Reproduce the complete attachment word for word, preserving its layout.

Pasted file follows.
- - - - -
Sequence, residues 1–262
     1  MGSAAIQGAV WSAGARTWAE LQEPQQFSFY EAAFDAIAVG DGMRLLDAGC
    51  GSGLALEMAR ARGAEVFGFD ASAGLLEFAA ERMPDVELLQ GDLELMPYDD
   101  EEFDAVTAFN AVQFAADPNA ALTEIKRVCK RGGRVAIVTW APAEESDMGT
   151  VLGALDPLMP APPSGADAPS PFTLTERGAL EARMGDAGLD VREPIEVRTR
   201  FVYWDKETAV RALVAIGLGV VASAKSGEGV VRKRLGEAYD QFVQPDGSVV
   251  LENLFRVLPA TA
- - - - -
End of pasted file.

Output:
Sequence, residues 1–262
     1  MGSAAIQGAV WSAGARTWAE LQEPQQFSFY EAAFDAIAVG DGMRLLDAGC
    51  GSGLALEMAR ARGAEVFGFD ASAGLLEFAA ERMPDVELLQ GDLELMPYDD
   101  EEFDAVTAFN AVQFAADPNA ALTEIKRVCK RGGRVAIVTW APAEESDMGT
   151  VLGALDPLMP APPSGADAPS PFTLTERGAL EARMGDAGLD VREPIEVRTR
   201  FVYWDKETAV RALVAIGLGV VASAKSGEGV VRKRLGEAYD QFVQPDGSVV
   251  LENLFRVLPA TA